with debt – are ineligible at standard companies, but they can get tens of
thousands from such underground sources.

By Monday evening, several online lending platforms that secretly offer naked
IOUs have issued notices on their QQ group chats to stop receiving nude pictures
as IOU, Nandu Daily reported.

Beijing braces for WannaCry 2.0

By Deng Xiaoci Source:Global Times Published: 2017/5/14 23:33:40

Mutated ransomware has overridden kill switch.

Beijing authorities announced on Sunday that they have detected a new
mutated version of the malicious ransomware WannaCry, and have urged
all departments to take measures to prevent attacks.

The malware was first detected on Friday, and has so far affected
institutions in more than 100 countries.

Beijing Cyberspace Administration, Beijing Public Security Bureau and
the Municipal Commission of Economy and Information Technology jointly
issued a notice on Sunday,saying that the mutated version, dubbed
WannaCry 2.0, has managed to override its previous kill switch and can
no longer be prevented from spreading. It is likely to spread faster,
reported qianlong.com, a news portal affiliated with the Beijing municipal
Party committee.

The notice urged departments to take measures to stop the virus attack,
including updating operating systems and disconnecting affected computers
from the Internet.

There was concern about the level of potential attacks from new versions
that would hit on Monday morning, the BBC reported.

WannaCry, a new type of “worm” ransomware virus, broke out on Friday
evening. Europe’s police agency, Europol, called the attack “unprecedented,”
and warned a complex international investigation was needed to identify
the culprits. The virus took control of users’ files, demanding payments.

According to a release by the China National Petroleum Cooperation on Sunday,
the company has recovered more than 80 percent of its network. The virus
affected gas stations, preventing customers from using cards to pay, but
now the company is recovering payments for gas filling cards, bank cards
and third-party payments.

The virus has affected several thousands of computers from 29,372 domestic
agencies. Among them, 4,341 education research agencies were the worst hit,
said a report from the Threat Intelligence Center of the leading Chinese
anti-virus software firm Qihu 360 on Sunday.

The report said that East China’s Jiangsu and Zhejiang provinces are the most
affected regions in China. Affected agencies cover universities, train stations,
post offices, hospitals and government terminals, and the number is on the rise.

WannaCry is believed to use the EternalBlue exploit, which was developed by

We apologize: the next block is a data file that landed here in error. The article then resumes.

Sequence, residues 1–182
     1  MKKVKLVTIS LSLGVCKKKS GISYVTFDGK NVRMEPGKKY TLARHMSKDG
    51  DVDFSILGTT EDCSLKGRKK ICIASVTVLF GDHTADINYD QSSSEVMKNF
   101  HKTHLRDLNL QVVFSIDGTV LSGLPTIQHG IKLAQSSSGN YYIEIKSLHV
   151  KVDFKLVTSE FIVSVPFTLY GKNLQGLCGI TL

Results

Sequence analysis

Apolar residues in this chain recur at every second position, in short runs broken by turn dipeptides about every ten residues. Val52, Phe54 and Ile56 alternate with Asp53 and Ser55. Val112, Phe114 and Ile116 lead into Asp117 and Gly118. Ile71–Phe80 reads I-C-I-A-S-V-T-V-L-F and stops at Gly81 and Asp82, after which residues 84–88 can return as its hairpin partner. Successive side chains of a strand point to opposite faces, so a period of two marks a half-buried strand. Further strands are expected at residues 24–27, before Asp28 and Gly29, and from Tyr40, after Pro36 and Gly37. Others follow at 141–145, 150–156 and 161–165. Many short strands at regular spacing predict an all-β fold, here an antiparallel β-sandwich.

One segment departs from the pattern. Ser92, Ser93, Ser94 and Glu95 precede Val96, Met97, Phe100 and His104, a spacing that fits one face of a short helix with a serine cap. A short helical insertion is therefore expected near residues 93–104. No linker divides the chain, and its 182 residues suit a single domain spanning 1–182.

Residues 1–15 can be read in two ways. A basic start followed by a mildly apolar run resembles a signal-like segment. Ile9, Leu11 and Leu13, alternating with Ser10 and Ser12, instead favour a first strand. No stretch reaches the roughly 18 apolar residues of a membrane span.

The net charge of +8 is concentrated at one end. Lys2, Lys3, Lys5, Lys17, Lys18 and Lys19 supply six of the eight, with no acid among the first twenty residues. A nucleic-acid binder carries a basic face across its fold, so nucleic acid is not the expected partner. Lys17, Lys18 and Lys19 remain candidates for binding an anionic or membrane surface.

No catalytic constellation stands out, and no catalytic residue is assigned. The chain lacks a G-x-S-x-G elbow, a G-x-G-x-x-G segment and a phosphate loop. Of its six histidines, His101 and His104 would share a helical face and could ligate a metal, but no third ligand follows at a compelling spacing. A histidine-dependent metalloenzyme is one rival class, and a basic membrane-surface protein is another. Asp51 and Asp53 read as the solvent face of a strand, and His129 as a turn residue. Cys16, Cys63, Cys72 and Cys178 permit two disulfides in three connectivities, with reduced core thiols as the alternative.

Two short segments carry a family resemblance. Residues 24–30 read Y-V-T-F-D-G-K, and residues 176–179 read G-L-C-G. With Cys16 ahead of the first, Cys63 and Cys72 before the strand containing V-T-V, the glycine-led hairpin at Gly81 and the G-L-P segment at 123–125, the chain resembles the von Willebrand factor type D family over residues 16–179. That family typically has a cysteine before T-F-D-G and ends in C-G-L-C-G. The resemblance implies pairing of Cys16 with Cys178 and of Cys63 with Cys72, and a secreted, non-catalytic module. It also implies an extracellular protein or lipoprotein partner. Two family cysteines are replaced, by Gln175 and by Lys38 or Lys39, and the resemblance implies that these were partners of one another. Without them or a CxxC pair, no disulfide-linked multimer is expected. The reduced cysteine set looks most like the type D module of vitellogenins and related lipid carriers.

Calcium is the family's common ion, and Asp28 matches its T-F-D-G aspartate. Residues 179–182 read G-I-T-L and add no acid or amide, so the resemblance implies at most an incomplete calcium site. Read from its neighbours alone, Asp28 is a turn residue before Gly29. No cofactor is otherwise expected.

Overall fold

the US National Security Agency to attack computers running Microsoft Windows
operating systems.

The virus poses serious challenges to international collaboration and demands
a buildup of a cyberspace security community, Qin An, director of the China
Institute of Cyberspace Strategy, told the Global Times.

Network weapons deployed by the US government have served as a core factor of
the virus rampage, which again reminds the world of the great harm the US’
network hegemony and its network weapons can bring about, Qin noted.

Chinese President Xi Jinping has stressed the importance of upholding cyberspace
sovereignty, calling on all nations not to engage in “Internet hegemony.”

China now accounts for 57% of global Esports audience.

In its report published this week on Tuesday, IHS found that more than half
of the global esports audience is in China, accounting for 57 per cent of
all viewing in 2016.Games were watched more than 11bn times online in China last
year, more than four times as many as in North America, the second-largest
market.

The amount of time people around the world watch competitive video games as
a spectator sport continues to rise at a rapid pace, up 19 per cent last
year to more than 6bn hours.

IHS analysts expect annual esports viewing to exceed tournaments, such as the
League of Legends world championship, hosted by Tencent-owned Riot Games, and
the Dota 2 international, held by US games group Valve, attract multimillion-
dollar prize funds, often contributed by fans through crowdfunding campaigns.

PBOC Exploring Digital Currency and allowing consumers to have accounts with Central Bank

CMR Editor

It is now apparent that the traditional banking system is like the
former telecom monopolies in the States. They are big, bureaucratic
slothful like institutions who literally live by sucking the prosperity
of society.